YEARS AGO, WHEN the so-called Affordable Care Act was only a glimmer in Hillary Clinton’s eye, my primary care physician allowed as how, were he to stop taking insurance, he’d be able to eliminate a good 60% of his office staff and be able to charge $40 for an office visit. (At the time, he was charging insurance companies $120. The co-pay with my carrier was $20.)
One year, I ran the numbers. I was spending, or was having spent on my behalf (including “insurance” premiums) a round $12,000. Adding up the actual charges as reported on the insurance paperwork, the cost was under $10,000. The rest was profit and overhead for the unsurance company. Whose rates, BTW, despite an official inflation rate of plus-or-minus zero, never stayed the same year-to-year.
The year before Obamacare went through Congress like shit through a greased goose, I made a deal with my employer. They were going to stop offering health insurance as a bennie, because they couldn’t afford the continual rate increases. So I made this pitch: Pay me what you’re paying the insurance company now and I’ll make my own arrangements. After a bit of dickering which essentially allowed them to cover what they were losing in the way of a tax deduction, we settled.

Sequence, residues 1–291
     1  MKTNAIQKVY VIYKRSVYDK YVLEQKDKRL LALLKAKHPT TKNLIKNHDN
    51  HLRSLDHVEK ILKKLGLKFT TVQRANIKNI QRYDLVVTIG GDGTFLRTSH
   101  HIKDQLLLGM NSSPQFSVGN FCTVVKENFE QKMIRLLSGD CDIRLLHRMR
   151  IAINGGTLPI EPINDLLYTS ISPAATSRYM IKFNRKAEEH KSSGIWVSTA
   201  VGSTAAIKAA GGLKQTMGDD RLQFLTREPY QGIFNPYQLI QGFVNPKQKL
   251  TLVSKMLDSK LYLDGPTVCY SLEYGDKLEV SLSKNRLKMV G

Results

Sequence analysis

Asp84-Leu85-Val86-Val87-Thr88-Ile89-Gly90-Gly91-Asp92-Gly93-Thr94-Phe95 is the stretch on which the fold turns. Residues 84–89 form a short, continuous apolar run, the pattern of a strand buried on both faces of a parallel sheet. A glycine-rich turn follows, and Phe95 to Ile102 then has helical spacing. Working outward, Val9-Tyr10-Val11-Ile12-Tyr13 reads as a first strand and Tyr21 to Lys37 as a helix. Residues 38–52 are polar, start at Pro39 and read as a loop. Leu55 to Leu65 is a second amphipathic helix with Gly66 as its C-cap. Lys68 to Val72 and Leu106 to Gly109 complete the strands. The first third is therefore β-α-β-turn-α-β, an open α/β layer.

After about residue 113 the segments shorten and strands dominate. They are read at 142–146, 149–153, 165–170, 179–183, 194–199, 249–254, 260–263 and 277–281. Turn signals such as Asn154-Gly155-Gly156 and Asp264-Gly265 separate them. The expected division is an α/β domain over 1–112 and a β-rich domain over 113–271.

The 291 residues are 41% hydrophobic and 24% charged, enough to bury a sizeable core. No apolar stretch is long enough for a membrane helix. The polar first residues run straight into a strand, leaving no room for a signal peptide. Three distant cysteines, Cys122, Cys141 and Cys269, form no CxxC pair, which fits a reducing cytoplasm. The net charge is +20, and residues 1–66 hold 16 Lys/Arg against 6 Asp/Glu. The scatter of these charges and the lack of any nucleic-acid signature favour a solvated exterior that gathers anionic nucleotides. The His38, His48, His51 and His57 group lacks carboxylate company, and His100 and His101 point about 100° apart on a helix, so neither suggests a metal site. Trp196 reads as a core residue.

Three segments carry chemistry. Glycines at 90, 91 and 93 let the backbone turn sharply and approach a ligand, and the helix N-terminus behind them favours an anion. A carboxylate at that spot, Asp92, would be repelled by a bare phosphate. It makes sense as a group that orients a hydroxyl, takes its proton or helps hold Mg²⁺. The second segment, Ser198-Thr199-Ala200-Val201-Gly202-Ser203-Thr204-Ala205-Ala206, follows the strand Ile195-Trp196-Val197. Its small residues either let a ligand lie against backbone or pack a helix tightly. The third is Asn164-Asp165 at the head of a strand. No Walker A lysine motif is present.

I’ve been cash-for-services ever since. Despite having a five-figure hospital bill in 2011 and spending right around $900 a month on meds, I’m still coming out ahead on the deal.
Now. Picture all the people who didn’t see this mess coming and didn’t get out from under soon enough. Now, their insurance premiums are skyrocketing, they’re losing their coverage, or they’re losing hours at their jobs, or losing the jobs altogether.
Remember what I say about so-called “unintended consequences”: they don’t exist. All consequences must be taken as intended. Obama and the Democrats in national government MEANT for this to happen.
But people will still want medical care. And there will still be those willing and able to provide medical care services at reasonable market prices. What won’t happen is that people will willingly take on the additional burden of paying the overhead and profit for a “service” company they don’t need. Or… will shortly find they don’t need.
I think you’re going to see a lot more of this.
I also suspect that you’re going to witness a major crash in health insurance companies, PPOs, HMOs, and hospital networks built around aggregating private medical practices. You heard it here first.